Security services G4S has had its share of woes over the last few years. A botched contract at the Olympics, a £109m fine for overselling electronic tagging and a temporary ban on tendering for government contracts all made for a pretty miserable time – and a lot of red ink in its accounts.
There are signs of hope, however. Today, the firm announced pre-tax profits of £148m, compared to a loss in 2013 of £190m. Revenues, meanwhile, were up 3.9% to £6.8bn. It might be a little premature for boss Ashley Almanza to pop the champagne cork just yet, however.
Turnover actually contracted by 1% in the UK to £1.6bn, largely as a result of losing the electronic tagging contract in March. The picture wasn’t much better in the rest of Europe, where revenues fell 0.6% to £1.4bn following the Dutch Department of Justice’s ‘insourcing’ one of its contracts. That really shouldn’t be a word...
To make matters worse, the firm had to increase the amount put aside to pay for underperforming UK government contracts by £45m, in a sign that the legacy of 2012-13 still lingers.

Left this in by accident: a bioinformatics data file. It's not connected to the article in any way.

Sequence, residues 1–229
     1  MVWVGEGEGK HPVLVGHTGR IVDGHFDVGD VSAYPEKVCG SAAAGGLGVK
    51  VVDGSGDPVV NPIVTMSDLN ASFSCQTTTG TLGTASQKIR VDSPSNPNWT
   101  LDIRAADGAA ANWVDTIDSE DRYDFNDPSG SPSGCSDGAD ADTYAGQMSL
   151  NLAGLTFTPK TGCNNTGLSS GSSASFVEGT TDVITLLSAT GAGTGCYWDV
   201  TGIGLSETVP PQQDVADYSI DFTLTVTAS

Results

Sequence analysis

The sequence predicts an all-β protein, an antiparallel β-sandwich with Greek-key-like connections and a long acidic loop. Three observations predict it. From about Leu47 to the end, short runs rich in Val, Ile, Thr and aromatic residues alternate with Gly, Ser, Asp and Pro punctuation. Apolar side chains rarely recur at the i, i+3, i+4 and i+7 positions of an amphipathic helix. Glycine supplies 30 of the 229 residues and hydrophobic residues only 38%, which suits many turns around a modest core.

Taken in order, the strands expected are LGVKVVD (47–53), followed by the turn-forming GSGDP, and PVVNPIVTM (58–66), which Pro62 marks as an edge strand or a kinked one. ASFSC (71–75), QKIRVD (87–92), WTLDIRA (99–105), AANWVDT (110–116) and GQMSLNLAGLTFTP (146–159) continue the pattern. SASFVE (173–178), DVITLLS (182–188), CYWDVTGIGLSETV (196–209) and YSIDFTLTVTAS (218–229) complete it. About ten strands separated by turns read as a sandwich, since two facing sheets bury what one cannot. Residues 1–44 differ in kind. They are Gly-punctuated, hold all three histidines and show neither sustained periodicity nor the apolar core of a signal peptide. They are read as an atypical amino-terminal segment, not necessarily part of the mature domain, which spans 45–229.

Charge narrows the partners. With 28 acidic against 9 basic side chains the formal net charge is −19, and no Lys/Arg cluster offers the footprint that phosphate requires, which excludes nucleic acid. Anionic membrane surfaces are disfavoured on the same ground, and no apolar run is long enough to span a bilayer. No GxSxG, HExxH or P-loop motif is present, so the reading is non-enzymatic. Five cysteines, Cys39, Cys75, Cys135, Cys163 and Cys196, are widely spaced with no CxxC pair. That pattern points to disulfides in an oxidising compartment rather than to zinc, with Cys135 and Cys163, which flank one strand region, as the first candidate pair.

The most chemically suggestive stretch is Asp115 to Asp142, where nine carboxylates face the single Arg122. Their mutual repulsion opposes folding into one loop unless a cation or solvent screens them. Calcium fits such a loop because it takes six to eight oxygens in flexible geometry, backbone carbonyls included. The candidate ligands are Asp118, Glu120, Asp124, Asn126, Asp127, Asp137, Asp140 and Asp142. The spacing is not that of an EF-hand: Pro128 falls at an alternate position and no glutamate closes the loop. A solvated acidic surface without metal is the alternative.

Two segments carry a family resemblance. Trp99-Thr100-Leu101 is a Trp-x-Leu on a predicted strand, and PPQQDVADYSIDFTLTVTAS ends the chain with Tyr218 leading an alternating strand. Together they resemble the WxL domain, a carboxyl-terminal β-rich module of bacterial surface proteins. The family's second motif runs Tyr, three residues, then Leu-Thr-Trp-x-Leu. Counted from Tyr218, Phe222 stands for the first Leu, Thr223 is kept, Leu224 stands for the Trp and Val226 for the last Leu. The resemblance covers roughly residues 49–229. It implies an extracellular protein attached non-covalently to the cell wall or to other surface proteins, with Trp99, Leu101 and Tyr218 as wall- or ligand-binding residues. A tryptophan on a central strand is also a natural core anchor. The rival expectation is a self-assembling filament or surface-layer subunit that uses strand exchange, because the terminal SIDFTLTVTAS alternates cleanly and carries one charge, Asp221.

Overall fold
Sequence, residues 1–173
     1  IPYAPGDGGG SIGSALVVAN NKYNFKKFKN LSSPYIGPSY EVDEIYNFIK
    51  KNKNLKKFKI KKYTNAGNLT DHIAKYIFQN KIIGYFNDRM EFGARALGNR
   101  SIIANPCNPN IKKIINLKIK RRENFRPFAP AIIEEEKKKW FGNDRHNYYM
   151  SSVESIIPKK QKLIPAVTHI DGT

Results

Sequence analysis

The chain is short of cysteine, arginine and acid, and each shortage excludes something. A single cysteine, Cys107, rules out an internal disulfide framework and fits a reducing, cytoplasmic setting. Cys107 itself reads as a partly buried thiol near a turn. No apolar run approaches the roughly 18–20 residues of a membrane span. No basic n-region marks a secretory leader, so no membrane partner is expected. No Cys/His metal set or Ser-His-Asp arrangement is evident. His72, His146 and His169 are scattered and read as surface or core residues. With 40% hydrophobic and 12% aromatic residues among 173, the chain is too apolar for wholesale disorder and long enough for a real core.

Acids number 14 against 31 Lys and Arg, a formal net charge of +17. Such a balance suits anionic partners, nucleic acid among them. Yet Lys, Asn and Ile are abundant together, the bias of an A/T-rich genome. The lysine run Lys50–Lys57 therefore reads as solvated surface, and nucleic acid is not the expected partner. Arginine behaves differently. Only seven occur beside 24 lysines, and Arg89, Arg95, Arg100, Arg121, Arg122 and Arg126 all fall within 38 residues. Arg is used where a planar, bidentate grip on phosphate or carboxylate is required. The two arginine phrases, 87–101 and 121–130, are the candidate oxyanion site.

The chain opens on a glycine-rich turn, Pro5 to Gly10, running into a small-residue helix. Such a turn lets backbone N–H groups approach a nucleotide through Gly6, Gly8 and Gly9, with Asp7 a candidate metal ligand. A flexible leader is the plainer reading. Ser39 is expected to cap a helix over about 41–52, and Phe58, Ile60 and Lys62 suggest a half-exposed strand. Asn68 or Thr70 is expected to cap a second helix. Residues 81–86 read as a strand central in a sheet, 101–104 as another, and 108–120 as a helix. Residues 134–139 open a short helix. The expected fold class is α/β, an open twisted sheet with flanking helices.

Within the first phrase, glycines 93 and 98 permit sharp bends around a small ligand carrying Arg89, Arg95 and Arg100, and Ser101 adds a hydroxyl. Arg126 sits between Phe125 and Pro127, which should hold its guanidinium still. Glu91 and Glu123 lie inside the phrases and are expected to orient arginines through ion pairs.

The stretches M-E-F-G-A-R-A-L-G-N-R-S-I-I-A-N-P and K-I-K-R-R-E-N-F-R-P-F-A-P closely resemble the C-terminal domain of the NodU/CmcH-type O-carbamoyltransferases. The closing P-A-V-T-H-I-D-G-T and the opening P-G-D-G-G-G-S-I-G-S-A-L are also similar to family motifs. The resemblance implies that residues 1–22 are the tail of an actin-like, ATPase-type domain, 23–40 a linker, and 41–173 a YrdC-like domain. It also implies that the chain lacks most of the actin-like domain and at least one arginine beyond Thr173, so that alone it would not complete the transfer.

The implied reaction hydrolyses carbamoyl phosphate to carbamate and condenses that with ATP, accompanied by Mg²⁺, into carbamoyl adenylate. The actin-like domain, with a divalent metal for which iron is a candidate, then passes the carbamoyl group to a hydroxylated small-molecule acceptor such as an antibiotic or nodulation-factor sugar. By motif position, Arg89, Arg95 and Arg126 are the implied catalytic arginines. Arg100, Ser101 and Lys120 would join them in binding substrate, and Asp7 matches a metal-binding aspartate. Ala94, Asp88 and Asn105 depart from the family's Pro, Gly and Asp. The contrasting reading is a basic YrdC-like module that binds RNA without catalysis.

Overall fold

G4S may not be out of the woods entirely then, but it did have encouraging results in the US, where revenues were up 6.9% to £1.4bn, and in emerging markets, where they were up 8.9% to £2.4bn. Almanza is also clearly making progress in his efforts to cut costs, having divested no fewer than eight businesses since taking over in mid 2013, for £248m. Another 20 have been sold or have ceased.
‘There remains much to be done to realise the full potential of our strategy and we expect to make further progress in 2015,’ Almanza said, the sweet talker.
Investors reacted fairly positively, with the share price rising 1.8% to 296p, so G4S can be pleased with itself, even if its results were mixed. Besides, it’s still doing better than Serco, which suffered a 30% fall in profits in November.